I used to be an avid motorsports fan. I thrived on the exploits of Dan and Mario, Bruce and Denny, Jody and Giles, Keke, Niki, James, Alan and Alain, Aryton and Mark. I still keep abreast of it, but it’s become a complicated relationship.
I was recently reading Mark Hughes at MotorSport. He’d written a mid-season recap of how Formula 1 teammates fared in qualifying against one another. About one driver, he said, in essence, that the driver was still correcting and reacting to the car, that he hasn’t been able to get into a flow with driving it.
That’s how I often feel with creating a novel. Days come and go where I feel like I’m chasing the scenes, acting, and reacting. I’m not able to get ahead of it. I blame the muses for not showing up, for mumbling guidance, changing their minds, or disagreeing with one another, trapping me and my writing in their battle. But then, building on experience and effort, suddenly I fall into the flow. You know the flow when you’re there. Time and the world seem to vanish, because you’re inside your creation. Scenes spin into being like magic. Dialogue leaps into your head and onto the page. Decisions are made; you hold your breath at what’s happened, and walk away spent.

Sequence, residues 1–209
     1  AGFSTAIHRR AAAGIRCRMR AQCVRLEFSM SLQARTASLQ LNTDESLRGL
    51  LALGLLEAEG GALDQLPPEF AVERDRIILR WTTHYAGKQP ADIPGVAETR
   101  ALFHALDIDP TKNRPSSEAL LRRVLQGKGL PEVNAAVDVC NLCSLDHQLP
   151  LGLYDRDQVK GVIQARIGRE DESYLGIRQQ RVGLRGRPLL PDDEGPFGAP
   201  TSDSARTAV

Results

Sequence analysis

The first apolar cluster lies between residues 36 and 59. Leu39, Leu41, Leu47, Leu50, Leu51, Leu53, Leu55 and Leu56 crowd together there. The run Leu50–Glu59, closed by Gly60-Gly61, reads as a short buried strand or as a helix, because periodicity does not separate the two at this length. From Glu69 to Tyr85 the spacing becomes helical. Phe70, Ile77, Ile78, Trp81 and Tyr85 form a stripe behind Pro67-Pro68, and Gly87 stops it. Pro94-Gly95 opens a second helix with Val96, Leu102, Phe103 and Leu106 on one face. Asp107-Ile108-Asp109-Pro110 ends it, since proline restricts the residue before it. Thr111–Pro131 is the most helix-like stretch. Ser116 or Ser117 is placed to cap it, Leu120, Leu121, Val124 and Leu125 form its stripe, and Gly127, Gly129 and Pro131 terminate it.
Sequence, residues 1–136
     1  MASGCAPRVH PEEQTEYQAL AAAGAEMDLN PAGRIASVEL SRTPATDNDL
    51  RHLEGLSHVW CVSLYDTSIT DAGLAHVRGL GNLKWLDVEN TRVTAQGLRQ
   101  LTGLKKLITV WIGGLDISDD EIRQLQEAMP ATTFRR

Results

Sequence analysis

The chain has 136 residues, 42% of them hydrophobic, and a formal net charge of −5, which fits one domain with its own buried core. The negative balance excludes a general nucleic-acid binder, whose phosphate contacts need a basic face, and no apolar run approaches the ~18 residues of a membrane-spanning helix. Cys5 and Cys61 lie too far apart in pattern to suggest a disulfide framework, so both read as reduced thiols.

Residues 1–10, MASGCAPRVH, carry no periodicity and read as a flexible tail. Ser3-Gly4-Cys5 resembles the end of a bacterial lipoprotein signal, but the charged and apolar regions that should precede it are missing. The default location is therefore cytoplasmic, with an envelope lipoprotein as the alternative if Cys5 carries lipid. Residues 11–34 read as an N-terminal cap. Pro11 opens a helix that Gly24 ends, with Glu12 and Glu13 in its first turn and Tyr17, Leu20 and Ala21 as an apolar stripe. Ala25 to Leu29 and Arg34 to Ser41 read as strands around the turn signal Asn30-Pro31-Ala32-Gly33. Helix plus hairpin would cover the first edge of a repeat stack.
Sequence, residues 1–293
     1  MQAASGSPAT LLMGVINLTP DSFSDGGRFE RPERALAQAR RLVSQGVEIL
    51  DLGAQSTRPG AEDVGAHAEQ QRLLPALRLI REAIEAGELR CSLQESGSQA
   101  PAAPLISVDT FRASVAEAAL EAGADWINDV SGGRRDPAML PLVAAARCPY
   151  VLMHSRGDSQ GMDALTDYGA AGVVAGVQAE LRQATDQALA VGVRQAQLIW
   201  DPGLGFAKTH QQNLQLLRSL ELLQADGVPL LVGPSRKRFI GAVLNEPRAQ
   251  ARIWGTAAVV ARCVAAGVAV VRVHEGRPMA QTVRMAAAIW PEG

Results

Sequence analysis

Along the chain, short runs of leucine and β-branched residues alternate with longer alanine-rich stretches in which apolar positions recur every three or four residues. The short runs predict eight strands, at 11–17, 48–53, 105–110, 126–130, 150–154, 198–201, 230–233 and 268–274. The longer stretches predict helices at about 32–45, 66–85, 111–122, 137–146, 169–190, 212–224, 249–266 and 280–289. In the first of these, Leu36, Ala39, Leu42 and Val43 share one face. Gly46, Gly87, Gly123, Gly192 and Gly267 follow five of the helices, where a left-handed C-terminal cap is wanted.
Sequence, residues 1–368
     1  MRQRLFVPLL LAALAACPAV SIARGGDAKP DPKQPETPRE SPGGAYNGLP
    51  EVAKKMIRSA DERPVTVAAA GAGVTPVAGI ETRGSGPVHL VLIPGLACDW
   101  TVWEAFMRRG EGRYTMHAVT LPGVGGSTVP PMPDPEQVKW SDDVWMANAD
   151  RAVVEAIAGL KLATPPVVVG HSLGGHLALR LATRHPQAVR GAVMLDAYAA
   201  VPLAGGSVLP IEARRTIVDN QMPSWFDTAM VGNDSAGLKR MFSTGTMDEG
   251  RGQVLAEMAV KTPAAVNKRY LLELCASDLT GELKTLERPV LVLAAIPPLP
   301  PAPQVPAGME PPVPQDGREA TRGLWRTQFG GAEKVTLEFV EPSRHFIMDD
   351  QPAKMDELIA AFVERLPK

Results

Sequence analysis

Today’s session isn’t a flowing session…yet. The muses seem to be sleeping in. Every sound from grinding to talking heard in the coffee shop feels like a personal assault.
The flow doesn’t always come easy. When it does, it’s a spoiler. Yesterday was one of those days. I walked in, sat down, wrote, edit, revised, cleaned it up, and departed. See how that would spoil me?
Time to put my head down and try again to write like crazy, at least one more time.